Technology Algorithms help robot dogs trot more like real animals
Two Men Attacked By Dogs In NW Miami-Dade
Miami-Dade police are investigating after two men were attacked by dogs, one of those animals possibly a pitbull. © Provided by CBS Local, a division of CBS Radio IncIt happened near NW 24th Court and 52nd Street in northwest Miami-Dade. One man suffered a serious bite wound to his leg and ankle and was taken to a hospital. Witnesses said he was viciously attacked. Another man said when he saw the man on the ground bleeding, he went over to help. That’s when he was attacked. “The next thing you know they started charging me. I started backing up and fell.
can move efficiently, but not all that naturally -- and no, doesn't count. Virginia Tech researchers think they can do better. They're a combination of algorithms and sensors that help robots move with gaits more like those of real animals. The system mimics the behavior of vertebrates, whose balance control comes largely from oscillating neurons in the spinal cord, using a combination of encoder sensors (to read relative positions for joints) and inertial measurement units (to measure the body's orientation relative to the ground). The result is a mechanical canine that can walk, run and trot with more grace and speed than usual.
Louisville man accused of training dogs to fight
A Louisville man believed to be training dogs to fight has been taken into custody. According to an arrest slip, police have been investigating William Washburn, 46, for several months. Washburn has been posting videos and pictures of the dogs he is training, with captions like "1XW," which means "one-time winner," and "won in 42," which means "won in 42 minutes" in dogfighter lingo, according to police. A search warrant was executed at a home on Peaslee Road where Washburn would train the dogs. The arrest slip said multiple items indicative of dogfighting paraphernalia were confiscated, according to police.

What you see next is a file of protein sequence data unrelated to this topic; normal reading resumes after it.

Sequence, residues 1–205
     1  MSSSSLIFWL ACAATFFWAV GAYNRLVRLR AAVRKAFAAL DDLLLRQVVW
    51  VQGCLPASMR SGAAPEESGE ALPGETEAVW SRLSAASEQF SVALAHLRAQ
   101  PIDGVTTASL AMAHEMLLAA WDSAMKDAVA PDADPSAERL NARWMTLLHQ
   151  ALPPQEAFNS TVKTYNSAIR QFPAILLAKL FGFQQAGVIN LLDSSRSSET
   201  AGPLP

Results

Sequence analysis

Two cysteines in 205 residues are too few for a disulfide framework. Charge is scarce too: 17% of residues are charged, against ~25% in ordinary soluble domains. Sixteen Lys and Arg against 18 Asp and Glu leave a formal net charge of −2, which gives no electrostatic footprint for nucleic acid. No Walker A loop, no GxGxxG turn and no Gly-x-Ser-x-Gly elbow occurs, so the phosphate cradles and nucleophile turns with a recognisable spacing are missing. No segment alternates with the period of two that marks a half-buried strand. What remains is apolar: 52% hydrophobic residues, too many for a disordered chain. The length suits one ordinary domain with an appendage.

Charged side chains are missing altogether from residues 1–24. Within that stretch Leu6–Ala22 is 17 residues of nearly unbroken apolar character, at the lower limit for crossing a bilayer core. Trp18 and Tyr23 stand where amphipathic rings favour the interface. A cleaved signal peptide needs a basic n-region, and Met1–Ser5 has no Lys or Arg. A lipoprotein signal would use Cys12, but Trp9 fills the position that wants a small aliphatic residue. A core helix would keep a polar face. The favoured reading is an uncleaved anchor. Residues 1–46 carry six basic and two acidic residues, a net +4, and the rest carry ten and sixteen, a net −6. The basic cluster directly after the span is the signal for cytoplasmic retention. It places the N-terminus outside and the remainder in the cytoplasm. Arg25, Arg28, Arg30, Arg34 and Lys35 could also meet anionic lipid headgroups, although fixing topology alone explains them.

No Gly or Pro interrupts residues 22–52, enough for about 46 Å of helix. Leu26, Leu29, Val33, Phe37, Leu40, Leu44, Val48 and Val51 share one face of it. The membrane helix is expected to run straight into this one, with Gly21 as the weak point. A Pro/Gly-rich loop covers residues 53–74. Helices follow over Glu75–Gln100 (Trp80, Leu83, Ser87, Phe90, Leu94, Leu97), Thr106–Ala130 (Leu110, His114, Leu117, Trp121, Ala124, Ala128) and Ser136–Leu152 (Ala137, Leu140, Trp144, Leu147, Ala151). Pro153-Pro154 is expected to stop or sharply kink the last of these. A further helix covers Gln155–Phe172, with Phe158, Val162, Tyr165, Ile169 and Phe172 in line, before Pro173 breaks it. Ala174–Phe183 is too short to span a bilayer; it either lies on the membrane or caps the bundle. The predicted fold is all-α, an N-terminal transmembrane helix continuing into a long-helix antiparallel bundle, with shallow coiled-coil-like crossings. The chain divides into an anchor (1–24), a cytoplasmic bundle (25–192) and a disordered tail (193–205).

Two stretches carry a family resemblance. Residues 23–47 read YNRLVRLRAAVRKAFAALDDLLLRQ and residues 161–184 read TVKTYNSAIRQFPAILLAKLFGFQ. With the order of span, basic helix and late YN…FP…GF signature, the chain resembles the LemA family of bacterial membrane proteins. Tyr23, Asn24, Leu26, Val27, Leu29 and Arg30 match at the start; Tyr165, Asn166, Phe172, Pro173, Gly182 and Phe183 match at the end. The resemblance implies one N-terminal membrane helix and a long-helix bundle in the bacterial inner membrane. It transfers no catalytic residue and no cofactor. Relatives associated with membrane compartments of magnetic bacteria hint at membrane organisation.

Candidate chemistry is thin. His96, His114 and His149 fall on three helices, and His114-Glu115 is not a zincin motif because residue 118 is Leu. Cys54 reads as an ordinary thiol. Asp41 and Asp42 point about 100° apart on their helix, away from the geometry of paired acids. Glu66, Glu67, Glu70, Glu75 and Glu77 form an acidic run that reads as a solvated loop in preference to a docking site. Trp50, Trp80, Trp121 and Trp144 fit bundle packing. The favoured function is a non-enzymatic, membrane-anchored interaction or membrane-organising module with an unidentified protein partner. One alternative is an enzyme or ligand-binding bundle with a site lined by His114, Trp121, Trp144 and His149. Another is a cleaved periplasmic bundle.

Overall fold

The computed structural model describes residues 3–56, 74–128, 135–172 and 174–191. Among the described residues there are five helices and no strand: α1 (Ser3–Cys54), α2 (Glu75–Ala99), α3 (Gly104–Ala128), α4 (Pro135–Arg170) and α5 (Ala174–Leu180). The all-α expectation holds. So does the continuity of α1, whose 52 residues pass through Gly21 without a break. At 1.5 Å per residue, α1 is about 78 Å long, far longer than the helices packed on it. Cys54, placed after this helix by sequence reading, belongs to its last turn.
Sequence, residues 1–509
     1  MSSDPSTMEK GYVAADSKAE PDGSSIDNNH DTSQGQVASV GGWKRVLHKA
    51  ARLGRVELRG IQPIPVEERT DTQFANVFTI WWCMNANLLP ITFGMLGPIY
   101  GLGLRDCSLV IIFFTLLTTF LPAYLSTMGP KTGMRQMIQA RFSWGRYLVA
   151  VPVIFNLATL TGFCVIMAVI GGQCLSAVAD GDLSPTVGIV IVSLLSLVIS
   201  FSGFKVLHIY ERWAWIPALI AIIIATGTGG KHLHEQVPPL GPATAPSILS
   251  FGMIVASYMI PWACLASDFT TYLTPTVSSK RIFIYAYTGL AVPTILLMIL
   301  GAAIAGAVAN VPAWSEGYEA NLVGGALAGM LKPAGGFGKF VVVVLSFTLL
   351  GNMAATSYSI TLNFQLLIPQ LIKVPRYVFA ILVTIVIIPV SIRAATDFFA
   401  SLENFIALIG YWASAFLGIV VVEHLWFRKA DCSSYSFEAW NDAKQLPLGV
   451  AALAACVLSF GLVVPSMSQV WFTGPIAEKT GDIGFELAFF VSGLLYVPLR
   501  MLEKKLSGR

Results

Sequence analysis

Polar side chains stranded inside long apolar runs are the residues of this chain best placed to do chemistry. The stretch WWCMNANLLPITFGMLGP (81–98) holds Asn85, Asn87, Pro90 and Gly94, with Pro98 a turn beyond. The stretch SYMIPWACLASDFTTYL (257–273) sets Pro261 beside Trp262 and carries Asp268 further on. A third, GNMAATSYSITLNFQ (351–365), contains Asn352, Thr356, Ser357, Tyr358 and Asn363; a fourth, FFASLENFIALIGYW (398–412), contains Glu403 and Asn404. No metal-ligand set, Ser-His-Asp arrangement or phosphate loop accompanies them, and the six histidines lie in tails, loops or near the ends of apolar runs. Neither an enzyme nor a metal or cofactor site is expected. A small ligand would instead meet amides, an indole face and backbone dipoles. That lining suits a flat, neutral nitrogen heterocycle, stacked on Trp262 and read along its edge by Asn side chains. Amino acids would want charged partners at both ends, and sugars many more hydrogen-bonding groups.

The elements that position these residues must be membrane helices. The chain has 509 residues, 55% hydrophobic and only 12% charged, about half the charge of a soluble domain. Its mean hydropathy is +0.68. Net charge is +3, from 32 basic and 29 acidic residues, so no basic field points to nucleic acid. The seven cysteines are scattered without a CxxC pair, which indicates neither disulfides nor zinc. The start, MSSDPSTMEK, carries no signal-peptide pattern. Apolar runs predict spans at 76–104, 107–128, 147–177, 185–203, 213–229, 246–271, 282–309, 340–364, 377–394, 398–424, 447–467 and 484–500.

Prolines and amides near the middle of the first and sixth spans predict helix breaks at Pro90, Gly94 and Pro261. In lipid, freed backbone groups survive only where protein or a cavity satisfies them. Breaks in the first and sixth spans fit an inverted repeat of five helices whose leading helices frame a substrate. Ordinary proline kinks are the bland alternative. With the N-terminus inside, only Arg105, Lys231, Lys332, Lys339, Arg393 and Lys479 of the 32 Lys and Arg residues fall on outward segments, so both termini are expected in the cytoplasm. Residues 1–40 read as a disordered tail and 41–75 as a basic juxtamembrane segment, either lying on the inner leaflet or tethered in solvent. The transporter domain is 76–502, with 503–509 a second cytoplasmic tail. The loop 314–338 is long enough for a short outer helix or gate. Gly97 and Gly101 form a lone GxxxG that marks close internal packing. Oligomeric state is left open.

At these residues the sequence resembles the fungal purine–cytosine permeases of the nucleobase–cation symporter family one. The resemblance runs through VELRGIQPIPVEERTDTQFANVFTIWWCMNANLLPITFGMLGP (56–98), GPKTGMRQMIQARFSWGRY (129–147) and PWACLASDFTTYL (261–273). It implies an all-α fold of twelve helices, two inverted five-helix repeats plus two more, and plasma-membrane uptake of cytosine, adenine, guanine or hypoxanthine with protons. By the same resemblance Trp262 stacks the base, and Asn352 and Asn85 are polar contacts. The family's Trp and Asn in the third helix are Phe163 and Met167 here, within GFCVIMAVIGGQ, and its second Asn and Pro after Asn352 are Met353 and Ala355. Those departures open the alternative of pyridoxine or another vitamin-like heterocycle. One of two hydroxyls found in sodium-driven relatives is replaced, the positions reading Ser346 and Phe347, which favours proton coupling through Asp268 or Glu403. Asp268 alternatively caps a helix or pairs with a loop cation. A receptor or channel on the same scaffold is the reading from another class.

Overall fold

Cameras and LiDAR are also present to help robots avoid collisions. This doesn't require dramatic changes to the bots themselves, at least. The test units are Ghost Robotics designs augmented with sensors to test the new algorithms.
The initial work has proven fruitful, but there's a lot of work left before you could see this in robots beyond the lab. Assistant professor and key researcher Kavel Hamed also stressed that it wasn't just about making the algorithms more effective -- they also have to be genuinely "bio-inspired." As such, it could be a while before there's athat moves just as smoothly as the real thing.
Developers can now program the actions of Sony's robot dog Aibo .
Aibo, the robotic dog by Sony, recently received a software update that lets developers customize the pup's actions. For years, Sony has been developing robot dogs that have the capacity to emulate the behavior of real pups. Last year, the sixth generation of Aibo went on sale in the US complete not only with pooch mannerisms, but also with AI and cloud-connected technology. Since this launch, Aibo has become as much of a house watchdog as a companion thanks to software updates that take advantage of the device's cameras and sensors to send owners live reports of their house while they're away.
Allegro Dog™ is a low-cost, torque controlled quadruped (SimLab)
Allegro Dog is a low-cost and easy to use quadruped robot. With four legs, each with three independent current-controlled joints, it's the perfect platform for ...